Holy Family University Unveils New Computer Information Systems Major

Holy Family University has recently unveiled its newest major, Computer Information Systems, as part of the School of Business.

Computer Information Systems is an interdisciplinary program combining business administration and computer science giving a graduate an understanding of how systems work, how to manage them, and how to create them. Students also take courses in the liberal arts to cultivate critical, creative, logical, and ethical thinking which are essential in today’s job market.

The program has three goals, according to Dr. Jan Buzydlowski, Assistant Professor for the School of Business.

“First, students will learn how to proficiently use a variety of computer languages, methodologies, and platforms. Second, they will apply the correct methodologies for the development of systems, and finally, be able to identify and explore future trends within the computing area,” Buzydlowski said. “This program was created as an alternative to a computer science degree, less theoretical, and management information systems degrees, more technical. It allows a student to create a system ranging from an app to a full information system. It also has a focus to keep an eye out for future trends so as to be able to follow them and not become dated. So, in short, students will be facile in a number of programming languages and know system-building elements, such as databases and networks.”

Students will experience classes in Introductory Programming, Advanced Programming, Internet Programming, Human-Computer Interaction, Networking, Systems Analysis, Database Management, and Cyber Security.

“Philadelphia is a hotbed for the information technology sector,” said Dr. Bernice Purcell, Associate Dean and Associate Professor of the School of Business. “Students in our Computer Information Systems major are in an excellent position to secure internships, co-ops, and other useful experience to pair with their degree. The demand for these positions will only continue to grow over time, making this a lucrative degree for students to pursue.”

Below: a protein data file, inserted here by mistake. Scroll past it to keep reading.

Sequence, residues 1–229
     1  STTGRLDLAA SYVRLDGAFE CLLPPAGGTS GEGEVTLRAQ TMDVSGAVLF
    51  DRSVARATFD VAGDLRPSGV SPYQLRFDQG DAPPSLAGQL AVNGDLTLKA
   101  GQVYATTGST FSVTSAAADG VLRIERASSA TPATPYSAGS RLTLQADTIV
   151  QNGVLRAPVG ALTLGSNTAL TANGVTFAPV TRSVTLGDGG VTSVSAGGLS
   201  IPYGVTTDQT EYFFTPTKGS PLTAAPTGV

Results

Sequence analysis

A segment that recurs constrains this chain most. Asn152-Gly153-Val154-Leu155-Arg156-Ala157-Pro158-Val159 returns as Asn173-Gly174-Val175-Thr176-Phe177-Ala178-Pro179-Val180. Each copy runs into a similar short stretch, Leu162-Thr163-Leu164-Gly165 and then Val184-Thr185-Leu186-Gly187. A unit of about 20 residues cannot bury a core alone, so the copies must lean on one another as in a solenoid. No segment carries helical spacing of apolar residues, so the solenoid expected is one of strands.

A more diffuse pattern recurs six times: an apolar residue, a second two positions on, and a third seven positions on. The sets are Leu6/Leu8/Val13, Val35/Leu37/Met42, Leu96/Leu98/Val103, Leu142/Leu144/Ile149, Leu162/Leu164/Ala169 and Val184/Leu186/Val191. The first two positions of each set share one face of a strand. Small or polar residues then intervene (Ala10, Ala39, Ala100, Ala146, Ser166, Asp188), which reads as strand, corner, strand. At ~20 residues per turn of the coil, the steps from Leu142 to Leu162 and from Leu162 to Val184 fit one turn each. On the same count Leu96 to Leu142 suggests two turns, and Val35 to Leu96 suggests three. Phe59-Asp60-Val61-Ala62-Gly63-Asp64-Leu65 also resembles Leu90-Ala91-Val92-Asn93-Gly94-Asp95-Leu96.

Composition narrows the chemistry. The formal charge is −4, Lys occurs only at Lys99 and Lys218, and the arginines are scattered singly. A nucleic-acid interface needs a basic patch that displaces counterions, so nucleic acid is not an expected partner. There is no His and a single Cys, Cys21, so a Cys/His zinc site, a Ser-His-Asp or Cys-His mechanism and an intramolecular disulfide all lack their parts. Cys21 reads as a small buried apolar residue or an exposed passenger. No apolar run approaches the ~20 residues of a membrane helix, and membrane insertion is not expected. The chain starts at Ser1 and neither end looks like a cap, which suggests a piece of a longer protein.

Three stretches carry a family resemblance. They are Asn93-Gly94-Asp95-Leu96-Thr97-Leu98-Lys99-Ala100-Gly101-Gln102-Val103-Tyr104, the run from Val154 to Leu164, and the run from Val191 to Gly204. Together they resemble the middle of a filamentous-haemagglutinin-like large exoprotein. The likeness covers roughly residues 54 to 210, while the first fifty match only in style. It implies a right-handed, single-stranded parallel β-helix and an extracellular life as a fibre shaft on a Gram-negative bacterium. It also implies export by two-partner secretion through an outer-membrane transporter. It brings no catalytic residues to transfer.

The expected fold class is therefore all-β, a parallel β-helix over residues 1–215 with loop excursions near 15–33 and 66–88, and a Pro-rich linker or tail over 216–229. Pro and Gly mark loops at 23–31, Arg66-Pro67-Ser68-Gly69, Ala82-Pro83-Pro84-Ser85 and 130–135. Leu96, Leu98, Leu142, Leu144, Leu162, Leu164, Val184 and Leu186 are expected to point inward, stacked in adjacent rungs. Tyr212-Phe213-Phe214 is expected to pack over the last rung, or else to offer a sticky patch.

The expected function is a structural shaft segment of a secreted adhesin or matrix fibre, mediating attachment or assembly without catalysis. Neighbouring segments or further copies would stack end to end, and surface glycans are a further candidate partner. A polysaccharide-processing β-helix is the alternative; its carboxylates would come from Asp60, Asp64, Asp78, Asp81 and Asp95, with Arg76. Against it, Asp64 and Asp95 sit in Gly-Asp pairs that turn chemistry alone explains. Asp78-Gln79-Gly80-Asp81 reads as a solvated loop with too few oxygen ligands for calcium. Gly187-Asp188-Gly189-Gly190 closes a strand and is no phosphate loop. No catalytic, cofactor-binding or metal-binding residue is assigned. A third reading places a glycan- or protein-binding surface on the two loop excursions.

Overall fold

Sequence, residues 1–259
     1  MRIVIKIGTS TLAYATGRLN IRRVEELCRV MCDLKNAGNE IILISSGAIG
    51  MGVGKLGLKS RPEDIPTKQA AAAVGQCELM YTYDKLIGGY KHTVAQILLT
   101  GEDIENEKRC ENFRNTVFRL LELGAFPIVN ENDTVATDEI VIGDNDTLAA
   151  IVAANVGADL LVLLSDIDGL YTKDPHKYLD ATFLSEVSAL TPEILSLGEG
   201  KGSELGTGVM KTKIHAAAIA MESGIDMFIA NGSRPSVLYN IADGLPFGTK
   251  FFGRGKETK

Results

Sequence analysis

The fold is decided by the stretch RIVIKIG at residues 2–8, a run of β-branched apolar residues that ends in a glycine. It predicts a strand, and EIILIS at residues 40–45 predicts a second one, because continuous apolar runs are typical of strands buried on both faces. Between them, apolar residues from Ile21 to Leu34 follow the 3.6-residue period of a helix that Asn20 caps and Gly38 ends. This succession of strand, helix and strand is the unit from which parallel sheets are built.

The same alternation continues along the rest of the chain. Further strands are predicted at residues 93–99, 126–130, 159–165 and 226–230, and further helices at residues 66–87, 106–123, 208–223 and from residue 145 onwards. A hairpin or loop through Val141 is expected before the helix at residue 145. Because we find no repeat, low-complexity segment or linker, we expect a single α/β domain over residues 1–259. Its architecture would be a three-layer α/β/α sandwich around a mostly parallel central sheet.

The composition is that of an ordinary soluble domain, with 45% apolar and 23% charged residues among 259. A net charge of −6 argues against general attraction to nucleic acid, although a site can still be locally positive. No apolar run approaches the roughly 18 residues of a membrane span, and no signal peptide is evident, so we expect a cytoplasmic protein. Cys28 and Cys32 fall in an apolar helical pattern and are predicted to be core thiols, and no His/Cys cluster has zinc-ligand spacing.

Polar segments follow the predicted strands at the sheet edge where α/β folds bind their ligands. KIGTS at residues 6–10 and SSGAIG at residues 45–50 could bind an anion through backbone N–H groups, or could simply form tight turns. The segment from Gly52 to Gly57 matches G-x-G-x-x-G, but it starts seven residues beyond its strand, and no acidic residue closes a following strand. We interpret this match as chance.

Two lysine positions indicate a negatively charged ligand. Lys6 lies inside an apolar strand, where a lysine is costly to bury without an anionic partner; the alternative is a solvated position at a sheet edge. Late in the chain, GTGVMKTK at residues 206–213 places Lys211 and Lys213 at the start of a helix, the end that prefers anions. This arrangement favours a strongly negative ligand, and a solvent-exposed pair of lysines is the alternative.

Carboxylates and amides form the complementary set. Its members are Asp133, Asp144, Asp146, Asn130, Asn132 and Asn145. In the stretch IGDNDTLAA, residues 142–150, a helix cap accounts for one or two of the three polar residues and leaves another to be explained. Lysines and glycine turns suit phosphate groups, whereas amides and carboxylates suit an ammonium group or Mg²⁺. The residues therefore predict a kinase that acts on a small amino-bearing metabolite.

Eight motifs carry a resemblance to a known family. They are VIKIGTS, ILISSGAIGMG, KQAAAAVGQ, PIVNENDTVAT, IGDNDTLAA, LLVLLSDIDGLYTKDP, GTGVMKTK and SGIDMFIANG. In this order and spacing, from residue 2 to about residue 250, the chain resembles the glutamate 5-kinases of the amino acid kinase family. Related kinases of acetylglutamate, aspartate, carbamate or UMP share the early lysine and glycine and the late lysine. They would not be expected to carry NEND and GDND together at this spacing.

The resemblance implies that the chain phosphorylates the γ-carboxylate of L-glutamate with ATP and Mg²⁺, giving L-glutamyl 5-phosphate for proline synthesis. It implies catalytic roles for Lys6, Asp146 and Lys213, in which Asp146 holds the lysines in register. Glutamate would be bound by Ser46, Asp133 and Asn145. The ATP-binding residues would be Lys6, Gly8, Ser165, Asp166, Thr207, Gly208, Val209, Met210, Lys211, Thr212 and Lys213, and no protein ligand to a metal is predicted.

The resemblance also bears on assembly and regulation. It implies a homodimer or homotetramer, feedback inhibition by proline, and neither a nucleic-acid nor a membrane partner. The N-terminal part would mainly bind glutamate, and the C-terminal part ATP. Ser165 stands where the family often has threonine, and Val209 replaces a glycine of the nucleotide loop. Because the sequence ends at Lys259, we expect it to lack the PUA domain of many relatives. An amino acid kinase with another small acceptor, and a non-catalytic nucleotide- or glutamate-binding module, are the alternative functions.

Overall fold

Holy Family University’s First Annual Nativity and Tree Lighting

NativityTreeLightingOn Tuesday, November 29, at 7 pm, Holy Family University will host its First Annual Nativity and Tree Lighting on the lawn in front of Holy Family Hall.

Family, friends, and the entire HFU community are welcome to attend this outdoor event. The night will feature holiday music from the Nazareth Academy High School and Grade School and will culminate with the lighting of the Star of Bethlehem, the Nativity, and the Christmas Tree. Admission is free, and light refreshments and pictures with Santa Tiger will be available.

“As a Catholic institution, we knew we wanted to do something to commemorate the holiday season,” said Staci Altomari, Development and Alumni Operations Specialist. “The lighting of the Nativity, Christmas Tree, and the Star of Bethlehem is a great way to bring the holidays to campus. The tree will be decorated in blue and white roses, which tie into our Christmas Rose tradition. These roses have an additional layer of meaning to our campus, as each rose represents a Blue and White fund donor. We’ll be joined by both the Nazareth Academy High School and Grade School, and there will be a visit from Santa Tiger to take photos with all the children. I encourage everyone to come out and enjoy the festivities.”

Let us know you’re coming by visiting the official event Facebook page!

Knox Makes Everlasting Connections with Patients in Diligent BSN Fast Track Program